7. Put aside your hanabasami and fold the top edge down following to the dimension I have marked on the photo.

8. Fold the remaining part of the tenagui back up again with the new fold line aligning with the fold behind. Depending how deep your have made your pocket and the length of the tenagui, the top edge of your towel might not be the same as my photo here.

9. Tuck the top layer into the folds behind.

10. Fold down the top layer.

11. Flip the whole thing around. You can see the pocket is formed already!

12. Tuck the top edge of the towel (which is now hanging at the bottom) into the space behind the pocket for your scissors.

13. It is done! To use, put you hanabasami in. With this design, there are two compartment you can use. I like to put mind in the “back” compartment because there is more folds of fabric to cover the tip of the blades.

14. To close the case, just ring the flap down and tuck in into the bottom.

工欲善其事,必先利其器 – Sharp tools to make quality craft no.2 – Ikebana Shears 花鋏 Hanabasami

Japanese are famous for their sword making.  Though the demand for swords has greatly declined at late 19th century, the techniques have been transferred into the making of knives and scissors/ shears.  Most of the ikebana shears today (I will refer it as hasami from here) are still made in a similar way to their bigger counterpart- samurai swords.  Hand forged with most care by craftsmen. The blades give sharp precise cut with ergonomic handles that make a pleasant “click” as the ends meet.  They are work of art themselves; giving me much pleasure every time when I have a pair in hand.

No, it is NOT absolutely essential to use them in ikebana.  But they are extremely helpful in making the precise cuts for arrangements.  Splitting the ends of Shin and Soe for a basic nageire is so much easier with the hasami. I will explain here why they are very good tools.

 

Metal

The common pair of hasami is made of steel with black oxide handles and shiny polished blades. The steel used has a very high carbon content that makes the blades extra sharp.  Though the size of these blades are not big, they are capable to cut not only stems but also branches.

 

Types of Shapes

There are a 2 different kinds that are commonly used: The Ikenobou Style and Koryu Style

The Ikenobou (池坊) type is most likely the more common one.  With no “loops” at the handles, they are very slim and light to carry around, taking up very little space in the tool roll.  It is so easy to move around small spaces with their slim profile.  They range from 130mm to !80mm in length with 165mm being the most common size.  My 165mm hasami is only about 60mm wide which is almost the same size of the scissors I have on my desk!  They are precise enough to can cut thin leaves but also sharp enough for branches.  One pair will take you a long way (that is if you take care of them)!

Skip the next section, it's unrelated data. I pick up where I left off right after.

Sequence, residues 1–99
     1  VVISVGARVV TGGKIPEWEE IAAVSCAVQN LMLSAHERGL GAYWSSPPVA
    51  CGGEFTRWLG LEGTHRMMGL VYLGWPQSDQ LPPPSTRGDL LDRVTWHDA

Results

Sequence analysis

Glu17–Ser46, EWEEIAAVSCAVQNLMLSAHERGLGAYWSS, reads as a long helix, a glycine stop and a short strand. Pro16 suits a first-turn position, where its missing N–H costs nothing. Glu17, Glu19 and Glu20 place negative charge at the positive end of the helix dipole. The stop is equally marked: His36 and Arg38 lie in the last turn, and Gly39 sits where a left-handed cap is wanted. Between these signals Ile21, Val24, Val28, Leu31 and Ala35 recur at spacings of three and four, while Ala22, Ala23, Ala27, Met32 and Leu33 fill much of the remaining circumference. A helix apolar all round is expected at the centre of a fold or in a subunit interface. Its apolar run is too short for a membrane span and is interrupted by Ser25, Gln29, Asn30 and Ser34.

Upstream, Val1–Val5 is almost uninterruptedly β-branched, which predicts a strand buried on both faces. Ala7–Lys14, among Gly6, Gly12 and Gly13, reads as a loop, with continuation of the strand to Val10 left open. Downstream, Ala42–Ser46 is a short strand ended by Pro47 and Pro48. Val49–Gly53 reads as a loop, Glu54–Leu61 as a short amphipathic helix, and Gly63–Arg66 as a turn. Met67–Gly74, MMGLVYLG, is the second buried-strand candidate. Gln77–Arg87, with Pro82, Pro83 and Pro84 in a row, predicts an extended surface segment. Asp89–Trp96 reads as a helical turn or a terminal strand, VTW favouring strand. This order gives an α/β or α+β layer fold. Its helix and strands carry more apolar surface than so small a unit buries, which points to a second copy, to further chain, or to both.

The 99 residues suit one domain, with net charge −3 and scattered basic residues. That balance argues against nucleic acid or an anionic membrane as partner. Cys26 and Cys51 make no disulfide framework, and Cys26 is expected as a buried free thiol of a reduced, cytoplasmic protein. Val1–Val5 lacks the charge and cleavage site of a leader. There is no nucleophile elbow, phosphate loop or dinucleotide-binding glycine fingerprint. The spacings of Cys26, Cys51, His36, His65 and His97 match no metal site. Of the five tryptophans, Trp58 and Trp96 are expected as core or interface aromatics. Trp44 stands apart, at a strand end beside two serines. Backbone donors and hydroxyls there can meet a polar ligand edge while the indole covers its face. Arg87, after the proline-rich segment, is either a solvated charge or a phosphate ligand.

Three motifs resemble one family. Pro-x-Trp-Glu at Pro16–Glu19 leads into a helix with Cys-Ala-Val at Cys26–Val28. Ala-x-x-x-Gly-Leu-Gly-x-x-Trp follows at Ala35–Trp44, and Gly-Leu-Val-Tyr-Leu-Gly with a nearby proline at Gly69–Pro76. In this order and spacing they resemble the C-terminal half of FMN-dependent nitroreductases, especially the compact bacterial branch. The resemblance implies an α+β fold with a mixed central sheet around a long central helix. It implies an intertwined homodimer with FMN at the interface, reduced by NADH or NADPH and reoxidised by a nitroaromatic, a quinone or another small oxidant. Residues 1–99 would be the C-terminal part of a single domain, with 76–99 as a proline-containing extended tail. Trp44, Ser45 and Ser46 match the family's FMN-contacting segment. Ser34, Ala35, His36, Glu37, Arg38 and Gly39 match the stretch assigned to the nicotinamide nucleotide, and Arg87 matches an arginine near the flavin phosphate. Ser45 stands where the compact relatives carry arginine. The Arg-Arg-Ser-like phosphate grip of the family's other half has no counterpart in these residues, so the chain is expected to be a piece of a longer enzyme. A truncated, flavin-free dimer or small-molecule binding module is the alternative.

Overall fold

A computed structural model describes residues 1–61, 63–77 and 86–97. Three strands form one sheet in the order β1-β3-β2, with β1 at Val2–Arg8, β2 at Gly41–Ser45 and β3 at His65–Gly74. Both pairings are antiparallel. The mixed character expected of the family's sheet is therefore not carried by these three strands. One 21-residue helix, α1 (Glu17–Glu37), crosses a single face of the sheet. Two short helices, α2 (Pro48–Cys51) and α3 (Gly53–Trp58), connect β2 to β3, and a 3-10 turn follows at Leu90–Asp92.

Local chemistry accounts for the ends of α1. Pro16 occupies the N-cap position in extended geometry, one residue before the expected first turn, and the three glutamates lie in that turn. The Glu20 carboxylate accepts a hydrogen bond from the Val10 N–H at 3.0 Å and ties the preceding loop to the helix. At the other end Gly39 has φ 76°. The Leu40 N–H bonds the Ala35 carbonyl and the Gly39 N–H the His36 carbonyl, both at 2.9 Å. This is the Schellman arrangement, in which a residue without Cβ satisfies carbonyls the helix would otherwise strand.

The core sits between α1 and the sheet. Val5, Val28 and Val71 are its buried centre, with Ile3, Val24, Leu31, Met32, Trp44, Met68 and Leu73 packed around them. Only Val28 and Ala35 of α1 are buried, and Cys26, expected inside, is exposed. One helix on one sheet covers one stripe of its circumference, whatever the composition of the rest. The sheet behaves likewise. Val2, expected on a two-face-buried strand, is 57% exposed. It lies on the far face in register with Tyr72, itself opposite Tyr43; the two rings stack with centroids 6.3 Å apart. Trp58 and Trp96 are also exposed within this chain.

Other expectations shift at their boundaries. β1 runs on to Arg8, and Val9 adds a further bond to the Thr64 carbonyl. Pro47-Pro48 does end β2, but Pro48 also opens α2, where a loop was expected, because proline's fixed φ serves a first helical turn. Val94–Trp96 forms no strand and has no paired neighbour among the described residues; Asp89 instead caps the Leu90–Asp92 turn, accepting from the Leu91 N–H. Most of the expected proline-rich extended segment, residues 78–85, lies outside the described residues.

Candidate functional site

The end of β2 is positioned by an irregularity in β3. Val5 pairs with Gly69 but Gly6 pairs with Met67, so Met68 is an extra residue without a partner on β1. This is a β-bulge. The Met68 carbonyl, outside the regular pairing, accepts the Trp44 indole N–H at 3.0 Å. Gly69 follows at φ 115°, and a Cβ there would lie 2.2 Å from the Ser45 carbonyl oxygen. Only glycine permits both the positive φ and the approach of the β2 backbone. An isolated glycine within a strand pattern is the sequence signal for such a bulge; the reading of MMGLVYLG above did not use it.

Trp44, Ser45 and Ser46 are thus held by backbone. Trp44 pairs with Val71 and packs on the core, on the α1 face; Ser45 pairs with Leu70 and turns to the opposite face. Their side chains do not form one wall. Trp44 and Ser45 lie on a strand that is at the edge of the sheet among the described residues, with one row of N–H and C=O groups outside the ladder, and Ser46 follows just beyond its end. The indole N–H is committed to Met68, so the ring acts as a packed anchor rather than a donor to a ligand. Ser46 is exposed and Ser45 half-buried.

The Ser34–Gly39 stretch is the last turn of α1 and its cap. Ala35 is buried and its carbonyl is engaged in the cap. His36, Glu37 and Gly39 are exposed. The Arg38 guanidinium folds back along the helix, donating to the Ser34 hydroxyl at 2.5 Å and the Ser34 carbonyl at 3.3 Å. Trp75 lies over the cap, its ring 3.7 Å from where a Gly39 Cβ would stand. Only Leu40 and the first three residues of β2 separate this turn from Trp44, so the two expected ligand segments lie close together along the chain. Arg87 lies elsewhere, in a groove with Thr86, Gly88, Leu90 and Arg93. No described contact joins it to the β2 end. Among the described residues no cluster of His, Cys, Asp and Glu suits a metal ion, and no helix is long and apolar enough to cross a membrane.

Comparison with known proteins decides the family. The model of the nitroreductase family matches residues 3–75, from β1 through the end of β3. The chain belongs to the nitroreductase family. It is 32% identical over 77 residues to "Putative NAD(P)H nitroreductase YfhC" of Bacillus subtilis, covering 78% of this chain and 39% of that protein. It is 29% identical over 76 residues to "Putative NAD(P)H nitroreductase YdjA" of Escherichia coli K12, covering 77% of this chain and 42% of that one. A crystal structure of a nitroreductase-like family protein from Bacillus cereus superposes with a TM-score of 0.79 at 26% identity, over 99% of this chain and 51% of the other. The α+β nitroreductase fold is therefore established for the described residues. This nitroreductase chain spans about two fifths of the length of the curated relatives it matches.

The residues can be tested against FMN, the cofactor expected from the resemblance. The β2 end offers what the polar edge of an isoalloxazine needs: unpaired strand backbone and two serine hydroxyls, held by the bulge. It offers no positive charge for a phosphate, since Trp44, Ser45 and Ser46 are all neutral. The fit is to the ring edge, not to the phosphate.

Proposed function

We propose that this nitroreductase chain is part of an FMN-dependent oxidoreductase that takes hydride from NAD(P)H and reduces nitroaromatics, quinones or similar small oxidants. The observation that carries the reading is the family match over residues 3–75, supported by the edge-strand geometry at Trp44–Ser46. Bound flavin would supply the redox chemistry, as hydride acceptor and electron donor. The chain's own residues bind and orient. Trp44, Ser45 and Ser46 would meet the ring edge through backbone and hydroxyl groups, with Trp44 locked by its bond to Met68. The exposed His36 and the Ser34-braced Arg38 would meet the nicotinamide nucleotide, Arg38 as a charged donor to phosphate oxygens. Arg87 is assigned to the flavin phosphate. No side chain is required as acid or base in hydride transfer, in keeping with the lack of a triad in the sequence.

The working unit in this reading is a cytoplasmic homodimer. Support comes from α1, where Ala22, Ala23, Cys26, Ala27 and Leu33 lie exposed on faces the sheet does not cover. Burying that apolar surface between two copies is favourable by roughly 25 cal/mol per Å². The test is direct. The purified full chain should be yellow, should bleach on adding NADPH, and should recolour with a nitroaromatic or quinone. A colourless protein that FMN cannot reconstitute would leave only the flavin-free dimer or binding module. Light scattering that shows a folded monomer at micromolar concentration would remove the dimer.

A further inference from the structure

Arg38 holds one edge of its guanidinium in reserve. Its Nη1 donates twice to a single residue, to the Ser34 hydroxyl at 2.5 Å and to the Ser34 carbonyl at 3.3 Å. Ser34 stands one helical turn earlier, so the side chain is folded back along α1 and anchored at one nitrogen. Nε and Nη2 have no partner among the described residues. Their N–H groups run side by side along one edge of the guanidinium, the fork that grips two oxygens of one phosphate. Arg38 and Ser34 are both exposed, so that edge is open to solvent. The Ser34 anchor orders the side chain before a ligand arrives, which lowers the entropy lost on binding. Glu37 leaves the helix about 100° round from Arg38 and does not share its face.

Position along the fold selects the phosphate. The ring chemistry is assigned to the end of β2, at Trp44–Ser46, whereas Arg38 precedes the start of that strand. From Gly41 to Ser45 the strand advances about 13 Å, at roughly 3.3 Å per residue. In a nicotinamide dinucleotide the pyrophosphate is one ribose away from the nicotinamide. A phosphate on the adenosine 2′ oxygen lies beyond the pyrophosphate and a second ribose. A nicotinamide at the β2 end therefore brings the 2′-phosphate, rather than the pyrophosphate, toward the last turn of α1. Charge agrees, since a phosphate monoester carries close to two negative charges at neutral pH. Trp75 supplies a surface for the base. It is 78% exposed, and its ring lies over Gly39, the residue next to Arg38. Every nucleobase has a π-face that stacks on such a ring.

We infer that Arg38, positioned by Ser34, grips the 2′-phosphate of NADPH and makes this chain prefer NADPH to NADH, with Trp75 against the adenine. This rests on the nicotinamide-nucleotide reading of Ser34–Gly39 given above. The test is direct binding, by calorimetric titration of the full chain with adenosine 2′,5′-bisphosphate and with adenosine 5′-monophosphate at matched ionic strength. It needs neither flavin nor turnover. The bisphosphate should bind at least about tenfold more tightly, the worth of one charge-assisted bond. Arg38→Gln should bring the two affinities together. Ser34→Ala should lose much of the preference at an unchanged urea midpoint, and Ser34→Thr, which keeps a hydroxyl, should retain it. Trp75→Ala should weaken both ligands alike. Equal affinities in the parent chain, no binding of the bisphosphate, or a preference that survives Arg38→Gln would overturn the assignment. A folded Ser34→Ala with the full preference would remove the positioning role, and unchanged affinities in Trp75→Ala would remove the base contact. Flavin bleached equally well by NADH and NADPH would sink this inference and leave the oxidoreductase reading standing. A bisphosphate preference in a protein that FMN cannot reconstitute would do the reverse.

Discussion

img_4964I From L to R:  Plain black oxide finish, oxide finish with wire cutting notch, painted finish, stainless steel

The Koryu (古流) style is very similar to the ikenobou.  They have the same blades except the Koryo ones have the “butterfly” loop handles.  They are also commonly found with black oxide finish or stainless steel.

Both types are rivet joined in the middle with NO spring grip.  Beginners are often at loss with how to grip them, especially with the Ikenobou ones which has NO loop handles.  The rivet is usually pretty loose that the hasami will open as the bottom handle drops if only the top hand is held like this:

The is the magic of this type of hasami.  It works with gravity to open the blades and only requires effort when closing to cut.  Hold the top handle with the thumb and use the other fingers to close the bottom handle to cut.  It is just that simple with only a few components.

 

 

Caring

Unless you have a pair of stainless steel ones, the traditional pair with high carbon will need some care. The black oxide coating which is normally on 95% of the hasami is only good to prevent corrosion on the handles and the body.  The shiny blades will turn dull once in contact with water and it eventually turn into black patches if left uncleaned.  Some plants with saps will turn the black immediately upon contact as well. This is due to the hight carbon content in the metal and special care has to be taken to prevent further rusting.

While in use, wipe the blades frequently.  Have you seen sushi chefs frequently wiping their knives with a towel in between slicing? Do the same. Sushi knives are made in a similar way with the high carbon steel which the moisture of the food not only “rust” the blade but the rust can also leave an undesirable taste back on the food. Carry a dry cloth to do the same with the hasami- wipe it in between cuts.  At the end of the day, dry them thoroughly and coat it with oil before putting storing away.  However, despite vigilant wiping, a dull grey surface called “patina”, will eventually formed through the years.  Some think that the patina adds character to the tool; making it personal to the owner.

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If the hasami left uncleaned for a long time, black rust will form and a bit of effort will need to clean it out.

In the last decade, I have purchased 4 pairs of hasami because I did not know how to clean them until finally bought a stainless pair 6 years ago.  Recently, I found out ways to restore them. The methods are similar to cleaning high carbon sushi knives.  If you want more info, search the internet for “cleaning high carbon steel knives”. Here is what I have learnt:

 

 

Metal Cleaner

Use the metal cleaner to clean as much of it as possible.  They usually come in a form of cream in a tube or lotion. I found it effective to take most of the rust away.  Select one that is gentle enough so that it will not corrodes your blades.  You can find them at hardware stores.  Follow the manufacturer’s instructions carefully and remember to wear gloves.

 

 

Rust Eraser

Screen Shot 2017-09-01 at 12.03.00 am.png